Nearly two out of three Americans plan to use credit card points to pay at least a portion of their summer vacation this year, according to a new survey. When those cardholders are travel agent clients, frequently that means the agent forgoes a portion of their income on that booking, making serving these clients a difficult choice.
According to a report from CompareCards.com, one out of five credit card holders will use points to pay for at least half of their summer travel bills, while the average cardholder expects rewards will cover 11%-25% of their costs.
“If people are trying to use points on hotels, flights, it really is difficult to make it worthwhile for you as a travel advisor,” said Jacob Marek, who owns IntroverTravels, an agency in Sioux Falls, South Dakota.
Points are so important to some clients of Hermes Travel, in Astoria, New York, that 25 years ago, the company saw a steep drop in bookings from loyal clients, said agent Nancy Damianeas.
“Regular clients who came in every year for their summer travel, weren’t calling,” she remembers. “We called them up and said, ‘We haven’t heard from you in a year, two years.’ They kept mentioning using their American Express points.”
Hermes decided to work with an American Express rep network agency to help their clients redeem their rewards points so that Hermes could still purchase their customers’ tour packages and hotels, and salvage some of their sales. “That decision saved a whole segment of our business,” Damianeas said.
Indeed, some 75% of cardholders told CompareCards that their rewards affect their vacation plans, in terms of where they travel, how they will get there, or where they might stay when they arrive.
About a year ago, Matthew Exline, owner of Matthew Exline Cruise Planners, in Ormond Beach, Florida, lost a whole potential sale to Japan because the client wanted to use points to upgrade her airline ticket to business class.
“In the process of qualifying her for the trip, she really got hung up on using points. It seemed to impact every aspect of our discussions back and forth,” Exline said. “In the end, she decided to not only use her points to upgrade her airfare, but to book the whole thing on her own.”
According to CompareCards, which surveyed more than 1,000 Americans, Millennials (72%) and travelers in the Northeast (73%) are the most likely to use credit card points to pay for some of their summer vacation. Midwesterners are least likely to use rewards points, at 46%.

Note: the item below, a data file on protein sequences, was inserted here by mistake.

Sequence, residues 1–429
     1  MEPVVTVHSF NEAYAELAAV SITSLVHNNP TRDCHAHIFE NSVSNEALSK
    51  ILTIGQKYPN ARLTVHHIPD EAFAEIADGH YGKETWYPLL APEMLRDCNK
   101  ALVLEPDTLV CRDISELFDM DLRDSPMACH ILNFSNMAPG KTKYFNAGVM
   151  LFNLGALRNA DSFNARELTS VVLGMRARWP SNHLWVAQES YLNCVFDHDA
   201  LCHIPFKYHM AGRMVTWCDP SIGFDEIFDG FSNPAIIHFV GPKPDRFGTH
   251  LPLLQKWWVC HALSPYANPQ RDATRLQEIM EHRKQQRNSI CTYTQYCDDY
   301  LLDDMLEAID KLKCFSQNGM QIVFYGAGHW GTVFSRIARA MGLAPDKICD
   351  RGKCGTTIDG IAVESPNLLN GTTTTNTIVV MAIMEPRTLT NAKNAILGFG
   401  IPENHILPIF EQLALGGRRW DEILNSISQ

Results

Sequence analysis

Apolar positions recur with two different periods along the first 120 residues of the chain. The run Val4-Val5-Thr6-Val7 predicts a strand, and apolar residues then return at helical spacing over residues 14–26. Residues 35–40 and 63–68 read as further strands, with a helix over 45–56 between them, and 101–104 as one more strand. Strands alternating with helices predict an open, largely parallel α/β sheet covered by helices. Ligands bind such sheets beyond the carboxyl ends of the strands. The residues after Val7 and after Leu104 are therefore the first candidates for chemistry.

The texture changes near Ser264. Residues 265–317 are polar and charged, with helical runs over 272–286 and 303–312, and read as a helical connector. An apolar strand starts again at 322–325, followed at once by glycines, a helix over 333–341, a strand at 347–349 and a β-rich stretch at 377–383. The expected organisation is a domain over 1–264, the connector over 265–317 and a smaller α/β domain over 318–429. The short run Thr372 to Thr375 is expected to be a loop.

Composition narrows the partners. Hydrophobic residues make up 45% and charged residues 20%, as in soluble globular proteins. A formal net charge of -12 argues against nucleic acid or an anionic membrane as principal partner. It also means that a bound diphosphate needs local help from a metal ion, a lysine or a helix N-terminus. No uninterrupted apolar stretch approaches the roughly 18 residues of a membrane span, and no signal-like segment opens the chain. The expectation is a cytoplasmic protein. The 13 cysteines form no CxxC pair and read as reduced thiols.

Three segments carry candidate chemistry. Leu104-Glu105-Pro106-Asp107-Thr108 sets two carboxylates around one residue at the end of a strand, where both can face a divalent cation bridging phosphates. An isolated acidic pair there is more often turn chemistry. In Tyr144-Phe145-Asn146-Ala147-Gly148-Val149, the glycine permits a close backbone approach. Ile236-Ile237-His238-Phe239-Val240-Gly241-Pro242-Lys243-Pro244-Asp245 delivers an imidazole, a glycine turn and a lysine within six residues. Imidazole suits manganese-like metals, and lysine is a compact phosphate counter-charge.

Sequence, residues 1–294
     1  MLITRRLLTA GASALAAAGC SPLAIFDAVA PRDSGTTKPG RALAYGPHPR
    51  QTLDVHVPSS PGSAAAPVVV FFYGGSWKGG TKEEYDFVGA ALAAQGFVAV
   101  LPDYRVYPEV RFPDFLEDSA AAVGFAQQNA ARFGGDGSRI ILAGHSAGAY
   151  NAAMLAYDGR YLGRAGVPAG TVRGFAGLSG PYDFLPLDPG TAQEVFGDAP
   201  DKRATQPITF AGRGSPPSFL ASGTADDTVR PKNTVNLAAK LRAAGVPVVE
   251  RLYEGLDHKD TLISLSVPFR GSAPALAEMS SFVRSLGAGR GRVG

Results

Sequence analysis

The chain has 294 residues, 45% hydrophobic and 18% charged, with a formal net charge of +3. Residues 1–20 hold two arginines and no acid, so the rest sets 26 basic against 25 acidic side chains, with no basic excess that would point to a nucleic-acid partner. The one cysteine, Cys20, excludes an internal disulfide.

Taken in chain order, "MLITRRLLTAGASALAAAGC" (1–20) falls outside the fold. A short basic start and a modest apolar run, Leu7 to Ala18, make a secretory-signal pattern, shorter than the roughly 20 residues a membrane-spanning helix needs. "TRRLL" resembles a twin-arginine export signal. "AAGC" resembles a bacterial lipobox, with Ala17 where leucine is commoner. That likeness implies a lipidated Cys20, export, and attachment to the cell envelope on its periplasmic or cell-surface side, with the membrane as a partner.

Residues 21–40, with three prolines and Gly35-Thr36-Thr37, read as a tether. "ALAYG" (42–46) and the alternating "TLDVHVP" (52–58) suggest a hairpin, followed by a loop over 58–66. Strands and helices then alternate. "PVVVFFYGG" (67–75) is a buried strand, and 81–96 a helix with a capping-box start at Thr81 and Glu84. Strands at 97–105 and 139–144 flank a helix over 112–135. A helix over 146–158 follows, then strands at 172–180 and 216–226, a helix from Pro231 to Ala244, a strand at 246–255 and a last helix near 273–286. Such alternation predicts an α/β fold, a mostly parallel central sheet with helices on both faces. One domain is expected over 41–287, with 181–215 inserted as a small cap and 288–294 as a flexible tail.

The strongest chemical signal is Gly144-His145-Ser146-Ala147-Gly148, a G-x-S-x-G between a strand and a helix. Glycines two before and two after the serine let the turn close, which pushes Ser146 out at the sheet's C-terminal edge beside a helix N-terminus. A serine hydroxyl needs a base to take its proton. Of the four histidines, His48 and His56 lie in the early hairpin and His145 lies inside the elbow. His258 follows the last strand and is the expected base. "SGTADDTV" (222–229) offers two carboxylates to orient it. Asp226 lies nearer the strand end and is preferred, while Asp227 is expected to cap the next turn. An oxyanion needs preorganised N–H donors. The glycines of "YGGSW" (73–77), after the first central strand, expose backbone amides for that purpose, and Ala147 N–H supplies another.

(CompareCards, which is owned by LendingTree, commissioned Qualtrics to conduct an online survey of 1,036 Americans, fielded Apr. 2-17, 2019. The margin for error for all respondents is +/- 3%.)
Credit card point redemption with American Express has grown so prevalent that consortia, host agencies and franchises have all formed partnerships with American Express to help its cardholders redeem points on trips booked by agents, but still protect agent commissions.
At Travel Leaders Group, the Apex program allows agents to book their clients’ air, rail, cruise, hotel/resort, and tours purchased on American Express’ Premier Rewards Gold, Business Gold Rewards, Platinum and Business Platinum cards. (The program does not include co-branded cards like Delta Skymiles.)
After the trip is charged to the client’s American Express card, points can be used on all or part of the trip using the Pay with Points tool, with the added ability for clients to elect a commissionable upgrade to a higher suite category, or a trip extension.
Since Travel Leaders launched its Apex program about a year ago, some 2,500 Travel Leaders Network advisors have completed training to be certified for the plan, and have processed more than 2,600 Membership Rewards point redemptions for American Express Gold and Platinum cardholders, according to Travel Leaders.
Michael Batt, chairman of Travel Leaders Group, recently told attendees at this year’s annual EDGE conference that he believes the Apex program could be “a phenomenal source of new revenue and profits” for agents.